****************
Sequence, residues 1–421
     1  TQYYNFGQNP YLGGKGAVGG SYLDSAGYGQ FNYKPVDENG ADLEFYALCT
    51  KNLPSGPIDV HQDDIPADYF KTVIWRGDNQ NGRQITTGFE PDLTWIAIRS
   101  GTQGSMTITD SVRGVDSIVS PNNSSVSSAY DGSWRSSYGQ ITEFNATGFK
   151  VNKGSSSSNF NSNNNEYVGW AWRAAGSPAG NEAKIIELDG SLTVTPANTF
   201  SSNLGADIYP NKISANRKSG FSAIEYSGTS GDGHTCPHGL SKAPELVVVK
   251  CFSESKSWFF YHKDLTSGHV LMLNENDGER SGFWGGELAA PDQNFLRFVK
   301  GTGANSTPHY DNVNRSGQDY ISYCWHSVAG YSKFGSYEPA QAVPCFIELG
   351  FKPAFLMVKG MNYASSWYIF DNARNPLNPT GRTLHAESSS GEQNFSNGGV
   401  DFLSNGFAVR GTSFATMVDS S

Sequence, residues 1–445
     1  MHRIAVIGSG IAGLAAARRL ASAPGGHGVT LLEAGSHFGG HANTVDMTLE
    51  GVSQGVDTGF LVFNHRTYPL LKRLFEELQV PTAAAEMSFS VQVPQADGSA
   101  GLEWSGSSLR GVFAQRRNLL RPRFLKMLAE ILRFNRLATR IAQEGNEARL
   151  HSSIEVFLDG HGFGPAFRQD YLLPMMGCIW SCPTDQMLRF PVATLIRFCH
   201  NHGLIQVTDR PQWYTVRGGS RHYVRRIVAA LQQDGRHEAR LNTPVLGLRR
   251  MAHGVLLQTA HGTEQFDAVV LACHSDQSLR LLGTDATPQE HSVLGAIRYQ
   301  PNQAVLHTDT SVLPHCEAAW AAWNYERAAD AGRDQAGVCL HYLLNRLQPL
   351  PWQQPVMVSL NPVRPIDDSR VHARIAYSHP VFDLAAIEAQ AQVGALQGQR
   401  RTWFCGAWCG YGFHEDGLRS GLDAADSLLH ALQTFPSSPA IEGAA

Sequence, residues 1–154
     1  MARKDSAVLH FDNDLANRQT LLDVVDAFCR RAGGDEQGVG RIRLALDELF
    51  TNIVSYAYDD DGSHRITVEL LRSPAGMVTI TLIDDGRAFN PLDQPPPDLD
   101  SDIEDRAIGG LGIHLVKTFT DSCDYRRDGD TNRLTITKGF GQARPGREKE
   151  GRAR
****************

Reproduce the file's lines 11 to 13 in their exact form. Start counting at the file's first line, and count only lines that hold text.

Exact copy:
Sequence, residues 1–445
     1  MHRIAVIGSG IAGLAAARRL ASAPGGHGVT LLEAGSHFGG HANTVDMTLE
    51  GVSQGVDTGF LVFNHRTYPL LKRLFEELQV PTAAAEMSFS VQVPQADGSA